The following sample present the usage of Promise and its map and flatMap functions:
We start by a Promise (nasaURL) that just put a string, representing and URL of a REST API, into a asynchronous thread. This API returns information about a astronomy related photo from NASA that changes on a daily basis.
The nasaURL promise calls it map function, passing the imageURL function. The imageURL function accesses the API, parses the returned JSON and gets an specific data within it (hdurl field) that represents another URL, from a high definition image itself.
This image is then recovered asynchronously by the promise created by downloadImage function. This function is chained to the previous one using the flatMap. The onCompletion block that follow is executed after all this steps: recovering the JSON, parsing it and retrieving the image.
Notice that all code that handles the asynchronous calls is hidden on this code, as it is all handled by the promises. So, this technicality is not presented on this code, making the application logic (that is: retrieve the image) more evident.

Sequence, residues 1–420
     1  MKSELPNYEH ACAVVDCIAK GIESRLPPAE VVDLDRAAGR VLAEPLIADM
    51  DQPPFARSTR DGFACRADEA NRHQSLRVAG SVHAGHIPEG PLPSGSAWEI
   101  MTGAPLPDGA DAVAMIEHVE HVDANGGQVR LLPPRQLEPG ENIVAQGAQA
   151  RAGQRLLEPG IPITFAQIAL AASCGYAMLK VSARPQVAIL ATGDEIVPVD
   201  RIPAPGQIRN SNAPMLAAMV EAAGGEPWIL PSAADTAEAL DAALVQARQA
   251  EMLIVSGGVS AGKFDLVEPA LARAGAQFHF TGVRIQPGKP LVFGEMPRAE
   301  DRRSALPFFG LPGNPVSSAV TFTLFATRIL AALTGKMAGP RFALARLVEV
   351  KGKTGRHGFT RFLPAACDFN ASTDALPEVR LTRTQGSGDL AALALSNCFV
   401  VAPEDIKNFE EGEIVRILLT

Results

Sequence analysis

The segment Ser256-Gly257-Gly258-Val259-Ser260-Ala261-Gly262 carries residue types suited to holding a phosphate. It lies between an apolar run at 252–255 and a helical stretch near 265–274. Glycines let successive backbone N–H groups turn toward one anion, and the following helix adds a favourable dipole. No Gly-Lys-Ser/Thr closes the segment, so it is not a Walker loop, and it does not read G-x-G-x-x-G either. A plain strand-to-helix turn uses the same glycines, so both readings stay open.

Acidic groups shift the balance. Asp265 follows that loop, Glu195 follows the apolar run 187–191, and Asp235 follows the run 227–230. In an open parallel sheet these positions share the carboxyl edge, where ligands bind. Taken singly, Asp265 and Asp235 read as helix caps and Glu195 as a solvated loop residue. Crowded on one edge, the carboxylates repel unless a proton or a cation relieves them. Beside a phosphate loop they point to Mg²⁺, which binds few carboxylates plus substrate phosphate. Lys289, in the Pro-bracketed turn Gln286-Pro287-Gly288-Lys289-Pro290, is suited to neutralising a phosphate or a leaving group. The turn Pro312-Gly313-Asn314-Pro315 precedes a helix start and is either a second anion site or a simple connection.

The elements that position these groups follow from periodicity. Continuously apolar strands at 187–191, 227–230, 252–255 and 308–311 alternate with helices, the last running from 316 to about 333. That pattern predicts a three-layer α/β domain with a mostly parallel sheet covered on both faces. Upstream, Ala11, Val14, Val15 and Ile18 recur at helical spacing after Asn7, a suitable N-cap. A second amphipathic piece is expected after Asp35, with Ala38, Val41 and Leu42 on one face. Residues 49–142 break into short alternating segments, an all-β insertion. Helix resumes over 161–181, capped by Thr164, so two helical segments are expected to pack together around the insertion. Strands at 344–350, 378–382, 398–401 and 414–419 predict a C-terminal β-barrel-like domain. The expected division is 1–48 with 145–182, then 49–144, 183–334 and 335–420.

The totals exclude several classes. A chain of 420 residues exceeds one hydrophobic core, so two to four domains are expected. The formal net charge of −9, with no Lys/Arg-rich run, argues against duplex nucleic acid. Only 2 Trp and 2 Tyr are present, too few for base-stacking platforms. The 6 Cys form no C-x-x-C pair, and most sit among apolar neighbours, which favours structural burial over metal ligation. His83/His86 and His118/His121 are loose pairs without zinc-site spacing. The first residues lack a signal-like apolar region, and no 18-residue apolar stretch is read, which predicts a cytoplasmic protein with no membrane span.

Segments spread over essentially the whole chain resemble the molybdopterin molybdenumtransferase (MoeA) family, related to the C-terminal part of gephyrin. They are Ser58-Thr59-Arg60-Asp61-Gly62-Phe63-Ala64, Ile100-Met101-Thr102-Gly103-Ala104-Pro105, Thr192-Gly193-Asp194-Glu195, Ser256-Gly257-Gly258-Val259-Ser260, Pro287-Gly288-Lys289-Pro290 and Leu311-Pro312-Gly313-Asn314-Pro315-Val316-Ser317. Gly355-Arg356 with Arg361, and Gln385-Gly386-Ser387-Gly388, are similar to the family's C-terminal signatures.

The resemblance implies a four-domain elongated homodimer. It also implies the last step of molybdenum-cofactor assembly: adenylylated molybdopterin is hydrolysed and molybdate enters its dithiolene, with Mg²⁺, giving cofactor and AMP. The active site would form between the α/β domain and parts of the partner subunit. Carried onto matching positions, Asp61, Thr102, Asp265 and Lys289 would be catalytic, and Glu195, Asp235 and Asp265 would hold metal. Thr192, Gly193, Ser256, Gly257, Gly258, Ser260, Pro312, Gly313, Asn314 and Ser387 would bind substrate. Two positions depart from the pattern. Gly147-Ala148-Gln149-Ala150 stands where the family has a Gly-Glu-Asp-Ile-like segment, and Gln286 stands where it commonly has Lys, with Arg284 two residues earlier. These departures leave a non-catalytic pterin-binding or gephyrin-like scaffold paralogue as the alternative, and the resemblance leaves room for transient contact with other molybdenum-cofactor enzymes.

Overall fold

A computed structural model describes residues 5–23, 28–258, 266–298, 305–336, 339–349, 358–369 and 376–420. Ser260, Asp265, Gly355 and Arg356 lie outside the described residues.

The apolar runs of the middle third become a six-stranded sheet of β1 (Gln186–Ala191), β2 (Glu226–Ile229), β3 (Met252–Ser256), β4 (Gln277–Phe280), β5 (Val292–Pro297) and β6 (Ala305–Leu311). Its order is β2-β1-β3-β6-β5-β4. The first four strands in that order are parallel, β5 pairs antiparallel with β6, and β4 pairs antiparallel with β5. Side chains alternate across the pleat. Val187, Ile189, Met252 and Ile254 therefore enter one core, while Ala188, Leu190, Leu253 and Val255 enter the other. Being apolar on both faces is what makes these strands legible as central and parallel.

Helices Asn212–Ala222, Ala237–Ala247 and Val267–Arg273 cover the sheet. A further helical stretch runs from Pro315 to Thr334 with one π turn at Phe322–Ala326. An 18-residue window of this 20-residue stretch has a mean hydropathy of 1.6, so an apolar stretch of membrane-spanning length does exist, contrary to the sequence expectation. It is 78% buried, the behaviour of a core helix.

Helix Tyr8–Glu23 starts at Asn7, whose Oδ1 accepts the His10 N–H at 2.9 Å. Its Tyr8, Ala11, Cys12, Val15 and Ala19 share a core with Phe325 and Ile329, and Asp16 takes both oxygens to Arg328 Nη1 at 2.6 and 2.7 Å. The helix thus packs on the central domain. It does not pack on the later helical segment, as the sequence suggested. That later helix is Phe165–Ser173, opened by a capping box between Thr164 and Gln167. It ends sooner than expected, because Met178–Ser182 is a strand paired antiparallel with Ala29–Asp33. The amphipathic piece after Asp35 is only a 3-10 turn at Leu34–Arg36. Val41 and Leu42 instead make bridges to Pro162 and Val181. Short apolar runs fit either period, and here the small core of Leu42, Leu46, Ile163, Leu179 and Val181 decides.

We could even create custom operators to make the chain more explicit:
Using those operators, the application logic could be represented as:
This tutorial is an example on how we can isolate boilerplate code using generics, and its specialization as functors and monads for chaining functions hiding some of the computational and technological complexity not directly related to the logic we are implementing.
PS: This is a very basic implementation of a Promise, made just for exemplify a monad different from the usual ones in Swift. It does not handle errors, allows choosing the queue or thread where the task is performed (and we need at least to run it on the main thread for UI tasks) between other limitations. Those features should be implemented in order to make it useful in a real world project.